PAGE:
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Goa stone with silver gilt case, Europe, 1801-1900

Goa stones are named after their place of origin, Goa, in India. They are artificially manufactured versions of bezoar stones found in animal stomachs. Goa stones are made from a combination of clay, silt, shells, resin and musk and are typically spherical in shape like this one. Scrapings from Goa stones mixed with water were drunk as a remedy for numerous ailments, including plague. They were also placed in drinks to counteract suspected poisoning. They were highly valued and could change hands for enormous prices. This stone has a case made from gold and silver threads interwoven to produce a highly ornate pattern.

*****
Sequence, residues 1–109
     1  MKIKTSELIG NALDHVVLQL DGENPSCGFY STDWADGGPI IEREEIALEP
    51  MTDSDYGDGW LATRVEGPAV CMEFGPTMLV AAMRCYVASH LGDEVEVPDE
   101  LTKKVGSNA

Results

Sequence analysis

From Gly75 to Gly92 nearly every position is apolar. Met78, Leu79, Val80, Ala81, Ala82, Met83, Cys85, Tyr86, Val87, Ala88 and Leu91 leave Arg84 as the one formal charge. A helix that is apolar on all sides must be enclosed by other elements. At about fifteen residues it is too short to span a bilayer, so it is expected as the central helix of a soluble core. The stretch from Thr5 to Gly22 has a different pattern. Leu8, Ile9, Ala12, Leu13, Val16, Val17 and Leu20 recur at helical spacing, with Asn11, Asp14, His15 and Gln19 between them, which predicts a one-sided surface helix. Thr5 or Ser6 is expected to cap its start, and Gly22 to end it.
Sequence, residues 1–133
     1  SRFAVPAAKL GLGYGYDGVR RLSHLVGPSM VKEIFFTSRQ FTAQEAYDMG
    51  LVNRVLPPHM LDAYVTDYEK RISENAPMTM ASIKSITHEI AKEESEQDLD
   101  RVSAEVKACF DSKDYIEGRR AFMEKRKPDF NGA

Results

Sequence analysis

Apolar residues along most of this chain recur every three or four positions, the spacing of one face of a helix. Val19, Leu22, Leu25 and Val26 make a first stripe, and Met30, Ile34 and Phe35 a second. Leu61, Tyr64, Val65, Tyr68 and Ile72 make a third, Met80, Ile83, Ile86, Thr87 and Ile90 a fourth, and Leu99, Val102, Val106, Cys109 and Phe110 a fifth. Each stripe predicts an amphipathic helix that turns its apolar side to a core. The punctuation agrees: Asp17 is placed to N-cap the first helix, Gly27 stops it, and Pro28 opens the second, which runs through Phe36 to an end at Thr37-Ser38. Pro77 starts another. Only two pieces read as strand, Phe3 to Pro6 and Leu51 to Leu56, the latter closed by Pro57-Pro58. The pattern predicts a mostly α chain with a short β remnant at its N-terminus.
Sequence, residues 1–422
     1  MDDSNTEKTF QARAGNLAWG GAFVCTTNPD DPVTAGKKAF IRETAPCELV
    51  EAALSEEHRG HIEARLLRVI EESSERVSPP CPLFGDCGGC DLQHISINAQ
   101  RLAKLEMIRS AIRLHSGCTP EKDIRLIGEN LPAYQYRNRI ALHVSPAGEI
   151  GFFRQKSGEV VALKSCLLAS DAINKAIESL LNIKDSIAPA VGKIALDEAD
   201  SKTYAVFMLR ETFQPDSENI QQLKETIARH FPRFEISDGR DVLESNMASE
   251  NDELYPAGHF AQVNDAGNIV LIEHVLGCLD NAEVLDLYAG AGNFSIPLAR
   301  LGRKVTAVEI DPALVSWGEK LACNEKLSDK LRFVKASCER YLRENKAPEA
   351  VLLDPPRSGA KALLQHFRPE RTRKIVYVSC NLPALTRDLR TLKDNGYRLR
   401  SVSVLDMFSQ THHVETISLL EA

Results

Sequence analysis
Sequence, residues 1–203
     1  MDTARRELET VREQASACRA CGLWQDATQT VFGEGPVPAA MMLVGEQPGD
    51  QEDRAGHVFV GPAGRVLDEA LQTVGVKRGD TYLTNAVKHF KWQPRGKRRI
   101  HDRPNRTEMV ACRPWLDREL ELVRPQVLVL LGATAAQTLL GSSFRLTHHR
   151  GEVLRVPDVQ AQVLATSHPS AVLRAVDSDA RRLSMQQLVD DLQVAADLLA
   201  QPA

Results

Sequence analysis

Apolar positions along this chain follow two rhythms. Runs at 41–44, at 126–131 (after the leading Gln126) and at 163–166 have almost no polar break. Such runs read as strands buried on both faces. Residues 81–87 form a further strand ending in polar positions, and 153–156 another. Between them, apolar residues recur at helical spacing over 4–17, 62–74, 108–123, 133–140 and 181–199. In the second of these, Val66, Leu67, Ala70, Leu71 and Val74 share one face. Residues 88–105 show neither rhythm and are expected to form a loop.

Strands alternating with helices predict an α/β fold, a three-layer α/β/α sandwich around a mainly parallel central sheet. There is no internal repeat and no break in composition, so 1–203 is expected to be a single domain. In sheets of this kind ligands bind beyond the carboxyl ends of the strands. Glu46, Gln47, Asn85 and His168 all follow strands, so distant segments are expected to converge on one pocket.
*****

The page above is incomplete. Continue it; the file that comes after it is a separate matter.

Object number:

A66178

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Glossary:

Glossary: goa stone

A popular 17th century remedy for various fever-like diseases, a goa stone consisting of various drugs made up in the form of a hard ball, from which a portion was scraped as required.

Glossary: pharmacy

The preparation and medicinal dispensing of drugs.

Glossary: Goa

The capital of the colonial Portuguese empire in Asia and East Africa which gained its independence from the Portuguese in 1961.